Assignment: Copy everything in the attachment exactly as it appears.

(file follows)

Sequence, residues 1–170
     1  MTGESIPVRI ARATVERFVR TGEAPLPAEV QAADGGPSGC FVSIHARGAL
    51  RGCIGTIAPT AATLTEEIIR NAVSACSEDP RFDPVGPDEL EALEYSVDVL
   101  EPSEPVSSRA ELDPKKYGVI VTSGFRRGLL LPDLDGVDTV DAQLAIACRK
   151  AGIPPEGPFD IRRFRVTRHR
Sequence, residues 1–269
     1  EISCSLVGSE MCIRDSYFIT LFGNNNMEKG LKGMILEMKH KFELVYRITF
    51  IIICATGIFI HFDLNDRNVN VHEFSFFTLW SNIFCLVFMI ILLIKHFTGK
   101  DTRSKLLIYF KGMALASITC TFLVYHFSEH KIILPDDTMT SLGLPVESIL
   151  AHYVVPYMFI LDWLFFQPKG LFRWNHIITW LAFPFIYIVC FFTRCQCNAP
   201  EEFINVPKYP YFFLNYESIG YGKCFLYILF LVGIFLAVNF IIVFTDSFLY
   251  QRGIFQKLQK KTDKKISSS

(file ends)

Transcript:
Sequence, residues 1–170
     1  MTGESIPVRI ARATVERFVR TGEAPLPAEV QAADGGPSGC FVSIHARGAL
    51  RGCIGTIAPT AATLTEEIIR NAVSACSEDP RFDPVGPDEL EALEYSVDVL
   101  EPSEPVSSRA ELDPKKYGVI VTSGFRRGLL LPDLDGVDTV DAQLAIACRK
   151  AGIPPEGPFD IRRFRVTRHR
Sequence, residues 1–269
     1  EISCSLVGSE MCIRDSYFIT LFGNNNMEKG LKGMILEMKH KFELVYRITF
    51  IIICATGIFI HFDLNDRNVN VHEFSFFTLW SNIFCLVFMI ILLIKHFTGK
   101  DTRSKLLIYF KGMALASITC TFLVYHFSEH KIILPDDTMT SLGLPVESIL
   151  AHYVVPYMFI LDWLFFQPKG LFRWNHIITW LAFPFIYIVC FFTRCQCNAP
   201  EEFINVPKYP YFFLNYESIG YGKCFLYILF LVGIFLAVNF IIVFTDSFLY
   251  QRGIFQKLQK KTDKKISSS